75 P. R. 0., S. P. 84/232, 449.

76 P. R. 0., S. P. 104/74, 97; B. M., Add. MSS. 15866, 192.

77 P. R. 0., S. P. 84/232, 495, 517.

78 P. R. 0., S. P. 104/74, 97, 98, 99; B. M., Add. MSS. 15866, 193, 194,195.

79 P. R. 0., S. P. 84/232, 525.


Page 65: my own part, I dare not write anything more on that subject nor meddle in it." (80)

Late in October, when explaining the sailing of the last party "against" his orders, Dayrolle remarked that there would be no more except a few left behind, but "I am informed that a great many intend to come next summer, if not timely prevented by some notification in Germany made in Her Majesties name, not being possible to dissuade them by any other authority." (81) Following his suggestion, a Royal Proclamation was drawn up, printed in German and distributed widely in the Rhine Valley. It declared that no more people would be received in England, much less supported. All those Germans, who arrived since the first of October were to be sent back to Germany at the first opportunity. All who intended to emigrate were warned that such attempts would assuredly fall, unless they had means of their own to support themselves. (82)

Summarizing the numbers of the Palatine immigration of 1709 to England, the records show that

852 sailed late in April and arrived early in May
1,283 " May 12th " " about May 19th
2,926 " May 31st " " June 6th
1,794 " June 10th " " June 16th
2,776 " July 4th " " July 11th
1,433 " July 17th " " July 24th
C. 1,000 " August 6th " " August 13th
C. 1,082 " October 11th " " October 18th
_________

13,146 are mentioned in the official correspondence. (83) It is


80 P. R. 0., S. P. 84/232, 529.

81 P. R. 0., S. P. 84/232, 536.

82 Das verlangte nicht erlangte Canaan, Diffenderffer, op. cit., 15.

83 This table is compiled from the following sources: P. R. 0., C. 0. 388/76, 56 ii; T. I/119, 6-10, 27,65,72., 82; S. P. 87/4, 265; S. P. 84/232, 239, 320, 383, 495, 517. For information concerning the first six lists of emigrants, see the Appendices B and C. There were no lists kept of the last two groups noted as sailing in August and October, since they were supplied with funds obtained from private charitable sources in Holland.


Page 66: quite probable however that the number reached 13,500, quite a few of the Palatines were sent by the packet boat or by regular shipping at their own expense or by charity funds after the official transportation ceased on July 18th. Small groups going in this way may have sailed without mention in the official correspondence.

Of the probable number of 13,500, who were able to reach England, 2,257 Roman Catholics were sent back late in September, as related before. On January 20th, 1710, Boyle notified Dayrolle that about 900 Palatines who desired to return home were to be sent shortly and that they should have his best efforts to speed them on their way. (84) So on March 3rd, 1710, he received Dayrolle's report of their safe arrival. (85) Late in March of the next year (1711) 618 Palatines, all Roman Catholics, were returned to the Netherlands. They were given five guilders each as a parting present to speed them on their way home." This seems to have been done by the British government for all the Palatines returned to the continent, and it was a gesture much admired in the Netherlands. (87) More than 3,000 Roman Catholics were sent back in all, if Simmendinger's estimate is correct. (88) With more than 3,500 returned, there were left about 10,000 of the 13,500 estimate, still to be accounted for. What did the British authorities do with them?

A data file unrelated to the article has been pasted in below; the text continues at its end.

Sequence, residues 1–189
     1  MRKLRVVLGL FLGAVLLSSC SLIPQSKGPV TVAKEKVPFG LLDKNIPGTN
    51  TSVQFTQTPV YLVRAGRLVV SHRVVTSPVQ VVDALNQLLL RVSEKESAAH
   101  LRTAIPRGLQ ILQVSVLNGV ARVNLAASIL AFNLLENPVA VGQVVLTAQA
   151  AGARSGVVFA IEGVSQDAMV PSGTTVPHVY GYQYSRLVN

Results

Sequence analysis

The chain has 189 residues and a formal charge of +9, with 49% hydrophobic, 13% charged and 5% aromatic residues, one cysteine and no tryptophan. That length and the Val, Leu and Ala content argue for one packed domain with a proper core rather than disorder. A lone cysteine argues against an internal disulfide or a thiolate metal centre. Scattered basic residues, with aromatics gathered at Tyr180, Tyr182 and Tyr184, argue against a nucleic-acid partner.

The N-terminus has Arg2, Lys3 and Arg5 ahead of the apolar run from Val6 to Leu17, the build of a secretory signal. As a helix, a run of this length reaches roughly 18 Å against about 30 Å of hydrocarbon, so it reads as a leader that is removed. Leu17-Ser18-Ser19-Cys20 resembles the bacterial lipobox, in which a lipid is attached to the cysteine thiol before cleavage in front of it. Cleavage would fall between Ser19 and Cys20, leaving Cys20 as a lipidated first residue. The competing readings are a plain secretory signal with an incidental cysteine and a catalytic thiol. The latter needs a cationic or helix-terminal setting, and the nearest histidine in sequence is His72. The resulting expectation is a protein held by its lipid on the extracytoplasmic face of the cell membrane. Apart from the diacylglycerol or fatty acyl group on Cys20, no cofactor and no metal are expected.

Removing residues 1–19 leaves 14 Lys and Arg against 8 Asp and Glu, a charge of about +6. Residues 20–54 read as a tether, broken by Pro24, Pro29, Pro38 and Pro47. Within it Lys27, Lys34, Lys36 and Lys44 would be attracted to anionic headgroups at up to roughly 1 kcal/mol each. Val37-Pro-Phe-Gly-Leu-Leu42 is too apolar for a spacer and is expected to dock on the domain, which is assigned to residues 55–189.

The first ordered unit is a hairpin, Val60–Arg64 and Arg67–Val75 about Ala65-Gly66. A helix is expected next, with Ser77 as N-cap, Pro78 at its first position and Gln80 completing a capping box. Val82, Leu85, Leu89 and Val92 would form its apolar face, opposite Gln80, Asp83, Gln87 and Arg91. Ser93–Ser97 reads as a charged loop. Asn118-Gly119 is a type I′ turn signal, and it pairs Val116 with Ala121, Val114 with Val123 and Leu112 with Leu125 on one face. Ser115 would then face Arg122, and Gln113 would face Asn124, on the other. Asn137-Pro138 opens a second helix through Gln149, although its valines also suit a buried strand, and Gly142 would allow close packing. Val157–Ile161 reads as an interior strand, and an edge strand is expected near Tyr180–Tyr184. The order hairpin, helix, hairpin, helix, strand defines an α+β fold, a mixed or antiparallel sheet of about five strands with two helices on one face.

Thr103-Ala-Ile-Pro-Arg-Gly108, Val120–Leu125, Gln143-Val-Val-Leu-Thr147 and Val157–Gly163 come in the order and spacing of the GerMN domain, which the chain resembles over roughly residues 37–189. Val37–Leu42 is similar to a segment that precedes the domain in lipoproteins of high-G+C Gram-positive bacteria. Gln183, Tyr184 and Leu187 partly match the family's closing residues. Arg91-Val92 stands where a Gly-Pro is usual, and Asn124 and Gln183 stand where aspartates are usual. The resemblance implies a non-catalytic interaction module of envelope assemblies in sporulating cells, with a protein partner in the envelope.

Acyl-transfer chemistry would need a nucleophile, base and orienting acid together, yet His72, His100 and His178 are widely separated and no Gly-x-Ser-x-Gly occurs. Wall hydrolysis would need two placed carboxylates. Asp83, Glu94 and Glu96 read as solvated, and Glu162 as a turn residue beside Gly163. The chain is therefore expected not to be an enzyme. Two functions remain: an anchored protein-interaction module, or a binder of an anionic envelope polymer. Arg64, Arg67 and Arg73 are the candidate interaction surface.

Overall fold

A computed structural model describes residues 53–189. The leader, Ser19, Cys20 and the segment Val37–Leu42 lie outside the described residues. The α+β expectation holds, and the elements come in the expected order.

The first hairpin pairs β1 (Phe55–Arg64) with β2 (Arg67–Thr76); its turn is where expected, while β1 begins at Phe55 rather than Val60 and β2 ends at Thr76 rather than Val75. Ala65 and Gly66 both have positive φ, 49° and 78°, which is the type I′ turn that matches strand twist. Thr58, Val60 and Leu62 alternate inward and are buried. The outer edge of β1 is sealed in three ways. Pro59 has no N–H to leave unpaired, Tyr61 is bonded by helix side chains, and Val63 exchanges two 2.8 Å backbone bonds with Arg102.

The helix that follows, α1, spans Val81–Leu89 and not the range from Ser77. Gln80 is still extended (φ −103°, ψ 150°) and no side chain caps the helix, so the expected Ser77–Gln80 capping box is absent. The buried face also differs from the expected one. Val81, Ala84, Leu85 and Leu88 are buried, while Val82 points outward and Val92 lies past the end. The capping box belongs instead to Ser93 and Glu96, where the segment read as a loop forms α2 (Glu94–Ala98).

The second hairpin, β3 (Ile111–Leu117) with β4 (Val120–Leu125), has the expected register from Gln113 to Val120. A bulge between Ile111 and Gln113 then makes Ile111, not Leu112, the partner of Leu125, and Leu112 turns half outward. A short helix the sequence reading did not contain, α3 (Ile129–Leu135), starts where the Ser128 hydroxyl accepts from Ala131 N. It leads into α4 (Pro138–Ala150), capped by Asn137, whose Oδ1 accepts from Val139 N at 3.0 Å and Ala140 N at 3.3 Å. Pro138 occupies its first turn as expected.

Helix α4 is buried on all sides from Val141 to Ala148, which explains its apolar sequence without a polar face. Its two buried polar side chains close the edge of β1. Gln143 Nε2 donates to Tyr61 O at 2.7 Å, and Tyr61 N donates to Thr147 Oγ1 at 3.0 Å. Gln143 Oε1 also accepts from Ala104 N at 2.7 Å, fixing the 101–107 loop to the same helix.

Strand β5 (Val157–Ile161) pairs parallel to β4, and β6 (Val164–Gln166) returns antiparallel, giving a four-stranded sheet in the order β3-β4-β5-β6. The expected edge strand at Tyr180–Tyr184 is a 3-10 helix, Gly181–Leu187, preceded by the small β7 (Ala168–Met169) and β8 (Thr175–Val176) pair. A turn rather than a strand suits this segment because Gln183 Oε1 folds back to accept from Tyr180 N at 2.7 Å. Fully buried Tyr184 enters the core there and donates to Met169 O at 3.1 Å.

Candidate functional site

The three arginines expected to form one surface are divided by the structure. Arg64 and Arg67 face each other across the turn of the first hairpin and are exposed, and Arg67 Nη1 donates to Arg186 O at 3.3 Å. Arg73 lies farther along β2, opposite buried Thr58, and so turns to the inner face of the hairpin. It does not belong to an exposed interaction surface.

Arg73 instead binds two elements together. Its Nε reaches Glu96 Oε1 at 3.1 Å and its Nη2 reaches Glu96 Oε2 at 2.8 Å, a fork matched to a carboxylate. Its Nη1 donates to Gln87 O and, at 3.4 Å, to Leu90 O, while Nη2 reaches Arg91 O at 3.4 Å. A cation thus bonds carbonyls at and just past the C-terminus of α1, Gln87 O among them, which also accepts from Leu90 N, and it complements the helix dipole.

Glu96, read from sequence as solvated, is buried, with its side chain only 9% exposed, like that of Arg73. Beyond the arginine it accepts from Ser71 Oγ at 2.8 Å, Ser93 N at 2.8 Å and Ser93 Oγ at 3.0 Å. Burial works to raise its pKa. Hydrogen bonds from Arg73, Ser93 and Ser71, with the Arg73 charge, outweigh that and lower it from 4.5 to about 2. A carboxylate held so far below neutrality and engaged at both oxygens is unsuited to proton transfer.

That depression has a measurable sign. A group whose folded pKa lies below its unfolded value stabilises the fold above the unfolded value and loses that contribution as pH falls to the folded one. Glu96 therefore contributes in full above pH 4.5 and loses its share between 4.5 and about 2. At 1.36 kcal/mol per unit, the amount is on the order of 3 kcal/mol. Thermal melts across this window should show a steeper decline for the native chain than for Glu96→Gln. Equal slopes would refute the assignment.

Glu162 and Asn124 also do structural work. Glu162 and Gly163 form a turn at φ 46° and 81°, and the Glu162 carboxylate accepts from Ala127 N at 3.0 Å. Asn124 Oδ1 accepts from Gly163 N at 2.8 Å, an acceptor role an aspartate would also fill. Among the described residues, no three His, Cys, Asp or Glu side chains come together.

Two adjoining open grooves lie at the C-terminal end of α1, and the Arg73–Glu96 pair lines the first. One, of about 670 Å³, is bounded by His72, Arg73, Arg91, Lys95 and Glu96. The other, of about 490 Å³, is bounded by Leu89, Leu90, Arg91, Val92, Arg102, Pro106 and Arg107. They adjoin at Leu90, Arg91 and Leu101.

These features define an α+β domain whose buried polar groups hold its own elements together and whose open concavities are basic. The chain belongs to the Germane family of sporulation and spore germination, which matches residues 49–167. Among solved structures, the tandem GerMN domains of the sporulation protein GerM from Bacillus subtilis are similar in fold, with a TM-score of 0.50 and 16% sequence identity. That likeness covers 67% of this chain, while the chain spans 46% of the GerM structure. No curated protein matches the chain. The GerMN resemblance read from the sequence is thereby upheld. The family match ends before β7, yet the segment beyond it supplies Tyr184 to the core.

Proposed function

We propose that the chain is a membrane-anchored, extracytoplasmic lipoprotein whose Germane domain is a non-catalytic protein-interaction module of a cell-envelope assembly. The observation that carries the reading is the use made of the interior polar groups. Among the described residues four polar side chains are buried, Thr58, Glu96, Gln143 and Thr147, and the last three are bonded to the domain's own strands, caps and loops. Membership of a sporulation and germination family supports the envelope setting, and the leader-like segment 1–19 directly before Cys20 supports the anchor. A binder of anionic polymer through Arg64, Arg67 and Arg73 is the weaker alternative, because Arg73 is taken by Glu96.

In London, the citizens were amazed. In three months more than 11,000 alien people had arrived in their midst. London was not so large a city that many thousands could be poured into it conveniently without notice. The government was hard put to provide shelter and food for them. The squares, the taverns, all the refuges of London were crowded


84 P. R. 0., S. P. 104/74, 100; B. M., Add. MSS. 15866, 197.

85 P. R. 0., S. P. 104/74, 101; B. M., Add. MSS.15866, 199.

86 P. R. 0., T. 1/132, 165, 170. This debarkation list of Palatine families is included in Appendix D.

87 P. R. 0., S. P. 84/232, 480.

88 Simmendinger, op. cit., 3.


Page 67: with Palatines. In addition, 1,600 tents were issued by the Board of Ordnance (89) and encampments were formed on Blackheath on the south side of the Thames, at Greenwich, on the Thames, just north of Blackheath, and at Camberwell, (90) a suburb of London, about two miles from St. Paul's. Others found quarters near the Tower, in St. Catherine's, Tower Ditch, Wapping, Nightingale Lane, East Smithfield and their neighborhoods. Barns and cheap houses were rented for them at Kensington, Walworth, Stockwell and Bristol Cansey.(91) The large rope-houses at Deptford were utilized for shelter for many of the Palatines, while others were disposed of by the care of charitable persons in Aldgate and Lambeth. (92) About 1,400 were lodged in the large warehouse of Sir Charles Cox, who had offered it gratis. (93) The crowded condition of these places of shelter made them unhealthy, The Board of Trade was informed of this and strove to remedy the difficulty; certainly the Board and the English Whigs (94) in particular deserve a great deal of credit for their sympathetic treatment and generosity, in the early stages of the immigration. At any rate, surgeons were sent among the Palatines and efforts were made to lessen their discomfort by securing additional quarters. (95)